On June 10, 2014, the official Google Cloud Platform blog had a post from Eric Brewer, VP Infrastructure and Google Fellow. This unassuming post talked about Google’s investment in containers such as support for Docker in Compute Engine VMs and the release of a container resource monitoring tool called cVisor.
What was also announced in same the post changed the face of modern infrastructure forever. Eric mentioned about a brand-new open source project from Google called Kubernetes.
This month, Kubernetes community is celebrating its 5th anniversary. Since its launch in 2014, this open source project took the industry by storm. Kubernetes got fantastic support from the whole industry, which resulted in the creation of a thriving ecosystem.
On the eve of its 5th anniversary, here are 5 interesting facts about the most popular open source project of our times:
1. Kubernetes is the darling of the open source community
Kubernetes won the hearts and minds of open source developers. After Linux, it is the most popular open source project of the community. Its contributors range from mainstream platform vendors to independent developers. The Github repository hosting Kubernetes code base has 2100 contributors with 53,139 stars and counting.
There are hundreds of tools and add-ons built by the community that ease the use of Kubernetes.
The Cloud Native Computing Foundation (CNCF), which is the custodian of Kubernetes projects, manages over 30 open source projects related to Kubernetes.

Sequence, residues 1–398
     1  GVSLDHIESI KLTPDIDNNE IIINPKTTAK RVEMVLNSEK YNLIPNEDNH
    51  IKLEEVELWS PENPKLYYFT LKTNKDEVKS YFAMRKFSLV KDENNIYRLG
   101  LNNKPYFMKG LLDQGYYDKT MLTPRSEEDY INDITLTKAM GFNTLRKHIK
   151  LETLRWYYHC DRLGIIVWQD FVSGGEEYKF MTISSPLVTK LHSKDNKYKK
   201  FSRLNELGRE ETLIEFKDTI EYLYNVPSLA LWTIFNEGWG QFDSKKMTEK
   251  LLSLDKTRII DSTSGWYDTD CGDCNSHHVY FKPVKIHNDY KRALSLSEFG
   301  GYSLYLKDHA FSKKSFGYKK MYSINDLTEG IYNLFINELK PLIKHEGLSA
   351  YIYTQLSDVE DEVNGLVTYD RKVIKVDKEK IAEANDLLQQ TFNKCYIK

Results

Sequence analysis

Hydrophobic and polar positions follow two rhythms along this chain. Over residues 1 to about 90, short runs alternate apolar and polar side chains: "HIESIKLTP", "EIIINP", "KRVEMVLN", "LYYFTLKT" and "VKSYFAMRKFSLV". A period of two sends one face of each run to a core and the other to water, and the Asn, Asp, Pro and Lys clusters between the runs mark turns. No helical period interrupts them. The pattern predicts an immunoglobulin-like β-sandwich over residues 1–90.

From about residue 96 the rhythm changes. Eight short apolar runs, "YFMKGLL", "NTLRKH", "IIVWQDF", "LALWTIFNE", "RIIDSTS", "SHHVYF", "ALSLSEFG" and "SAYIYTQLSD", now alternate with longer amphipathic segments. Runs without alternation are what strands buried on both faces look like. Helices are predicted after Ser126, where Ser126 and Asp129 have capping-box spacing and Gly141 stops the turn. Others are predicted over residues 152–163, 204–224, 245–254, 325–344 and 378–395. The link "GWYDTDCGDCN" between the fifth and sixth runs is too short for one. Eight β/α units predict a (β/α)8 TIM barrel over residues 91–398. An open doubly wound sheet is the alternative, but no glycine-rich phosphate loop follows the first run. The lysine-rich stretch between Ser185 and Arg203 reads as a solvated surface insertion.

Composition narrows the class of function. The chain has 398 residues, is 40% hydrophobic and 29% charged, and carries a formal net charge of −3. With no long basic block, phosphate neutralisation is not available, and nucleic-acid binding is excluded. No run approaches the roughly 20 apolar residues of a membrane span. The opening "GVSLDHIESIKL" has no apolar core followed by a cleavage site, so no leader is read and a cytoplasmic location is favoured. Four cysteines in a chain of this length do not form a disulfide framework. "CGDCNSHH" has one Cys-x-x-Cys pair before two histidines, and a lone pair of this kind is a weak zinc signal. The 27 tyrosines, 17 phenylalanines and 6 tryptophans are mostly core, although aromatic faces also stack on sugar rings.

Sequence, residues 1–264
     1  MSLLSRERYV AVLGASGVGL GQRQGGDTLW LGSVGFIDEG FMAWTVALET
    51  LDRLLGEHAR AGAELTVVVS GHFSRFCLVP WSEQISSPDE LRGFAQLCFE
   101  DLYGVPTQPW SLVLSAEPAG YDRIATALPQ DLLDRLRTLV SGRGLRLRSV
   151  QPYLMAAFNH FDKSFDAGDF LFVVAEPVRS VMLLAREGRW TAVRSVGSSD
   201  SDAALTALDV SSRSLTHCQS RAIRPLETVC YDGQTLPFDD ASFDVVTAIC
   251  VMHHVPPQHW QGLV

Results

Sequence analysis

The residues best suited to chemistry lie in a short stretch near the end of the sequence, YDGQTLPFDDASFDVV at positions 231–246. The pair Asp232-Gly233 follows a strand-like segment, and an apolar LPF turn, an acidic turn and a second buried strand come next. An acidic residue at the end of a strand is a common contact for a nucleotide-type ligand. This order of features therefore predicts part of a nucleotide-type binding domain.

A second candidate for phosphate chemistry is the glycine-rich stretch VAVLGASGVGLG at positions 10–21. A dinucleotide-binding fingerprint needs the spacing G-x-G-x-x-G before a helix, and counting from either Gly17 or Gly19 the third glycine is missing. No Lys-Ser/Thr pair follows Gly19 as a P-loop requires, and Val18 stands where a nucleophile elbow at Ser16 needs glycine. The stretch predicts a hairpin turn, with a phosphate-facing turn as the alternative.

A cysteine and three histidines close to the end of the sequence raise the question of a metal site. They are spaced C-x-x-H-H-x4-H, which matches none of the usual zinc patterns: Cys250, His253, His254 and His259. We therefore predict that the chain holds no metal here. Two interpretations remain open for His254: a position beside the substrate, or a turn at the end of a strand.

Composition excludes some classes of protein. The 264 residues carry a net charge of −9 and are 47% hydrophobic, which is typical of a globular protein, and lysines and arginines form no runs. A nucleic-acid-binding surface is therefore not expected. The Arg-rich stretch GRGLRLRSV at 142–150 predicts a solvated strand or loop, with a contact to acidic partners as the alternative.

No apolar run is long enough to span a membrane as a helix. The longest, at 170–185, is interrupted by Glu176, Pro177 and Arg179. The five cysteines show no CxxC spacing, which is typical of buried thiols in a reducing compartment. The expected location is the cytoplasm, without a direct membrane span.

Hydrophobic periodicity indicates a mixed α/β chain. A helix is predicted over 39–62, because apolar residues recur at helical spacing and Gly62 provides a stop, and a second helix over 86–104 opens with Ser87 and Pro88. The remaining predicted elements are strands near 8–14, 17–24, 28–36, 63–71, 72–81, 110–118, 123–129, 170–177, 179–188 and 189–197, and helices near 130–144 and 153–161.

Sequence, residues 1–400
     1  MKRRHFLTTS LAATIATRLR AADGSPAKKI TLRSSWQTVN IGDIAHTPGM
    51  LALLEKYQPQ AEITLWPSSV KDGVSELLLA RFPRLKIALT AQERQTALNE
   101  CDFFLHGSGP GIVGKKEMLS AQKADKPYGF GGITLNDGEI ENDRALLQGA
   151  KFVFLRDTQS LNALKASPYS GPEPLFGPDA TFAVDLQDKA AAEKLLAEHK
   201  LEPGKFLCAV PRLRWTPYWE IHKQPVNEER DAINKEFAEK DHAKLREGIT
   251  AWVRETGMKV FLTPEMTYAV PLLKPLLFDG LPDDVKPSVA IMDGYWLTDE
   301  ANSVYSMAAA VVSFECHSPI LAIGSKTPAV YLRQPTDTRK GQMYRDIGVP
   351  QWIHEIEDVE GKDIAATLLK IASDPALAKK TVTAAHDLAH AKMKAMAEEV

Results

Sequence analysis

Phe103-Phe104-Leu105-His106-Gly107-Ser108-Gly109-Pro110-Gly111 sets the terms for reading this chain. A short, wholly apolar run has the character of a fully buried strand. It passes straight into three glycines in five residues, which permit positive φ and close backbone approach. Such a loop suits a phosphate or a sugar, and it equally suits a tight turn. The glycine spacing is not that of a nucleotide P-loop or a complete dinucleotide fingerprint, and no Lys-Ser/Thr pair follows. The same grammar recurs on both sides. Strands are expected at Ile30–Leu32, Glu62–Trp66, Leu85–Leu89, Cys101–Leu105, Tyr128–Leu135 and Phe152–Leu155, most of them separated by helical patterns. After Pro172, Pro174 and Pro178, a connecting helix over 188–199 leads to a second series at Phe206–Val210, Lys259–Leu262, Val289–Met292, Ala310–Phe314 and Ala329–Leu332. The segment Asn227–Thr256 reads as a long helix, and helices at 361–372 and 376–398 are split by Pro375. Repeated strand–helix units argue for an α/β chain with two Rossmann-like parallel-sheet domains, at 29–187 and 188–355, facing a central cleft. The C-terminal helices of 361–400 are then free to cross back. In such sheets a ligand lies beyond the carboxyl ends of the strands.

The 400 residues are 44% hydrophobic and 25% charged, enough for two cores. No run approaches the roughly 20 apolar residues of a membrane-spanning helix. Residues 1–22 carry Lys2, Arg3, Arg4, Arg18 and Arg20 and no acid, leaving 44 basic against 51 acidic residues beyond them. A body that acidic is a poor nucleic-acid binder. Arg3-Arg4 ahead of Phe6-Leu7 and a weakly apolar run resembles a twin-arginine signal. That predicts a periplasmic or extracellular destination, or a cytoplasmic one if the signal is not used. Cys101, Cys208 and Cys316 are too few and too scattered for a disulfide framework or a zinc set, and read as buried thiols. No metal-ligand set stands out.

Major cloud providers and platform companies including Google, Huawei, IBM, Intel, Microsoft, Red Hat and VMware contribute to Kubernetes.
2. Kubernetes has created a new market and ecosystem
Kubernetes has become the middleware that is placed in between the infrastructure and applications. It abstracts the underlying physical and virtual resources enabling developers and operators to focus on managing applications instead of infrastructure.
In many ways, Kubernetes did to modern infrastructure what VMware did to the data center in the last decade. The rise of vSphere and VMware resulted in many new startups offering virtualized compute, network, and storage products. Between 2005 and 2015, VMware influenced the market through the creation of new segments and categories of products.
With the increased adoption of Kubernetes among enterprises, some startups are offering container-native networks, storage, and security products. Kubernetes is squarely responsible for the creation of this new ecosystem.
Startups such as Portworx and Tigera are leading the new wave of container-native storage and networking.
Portworx is solving some of the inherent problems involved in running traditional line-of-business applications on Kubernetes. It brings familiar storage operations to the cloud-native world, enabling administrators and operators to embrace the new paradigm. Portworx recently raised $27M Series C funding, which shows the investor confidence of this market.
Tigera, the founder of Project Calico – an open source container-native networking stack brings zero-trust network security to enterprises adopting Kubernetes. It enables organizations to scale cloud-native applications without compromising security and compliance.
The cloud-native ecosystem is one of the most vibrant communities growing at a rapid pace. From container registry to CI/CD tools to observability, hundreds of companies are offering product and services to make organizations adopting Kubernetes successful.
Kubernetes has managed to create a niche market that is worth billions of dollars.
3. Kubernetes is winning the enterprise market
In its early days, Kubernetes was perceived to be the choice of web-scale companies. Only those startups and companies that needed hyper-scale chose Kubernetes. However, within the first three years, Kubernetes made it to the enterprise data center.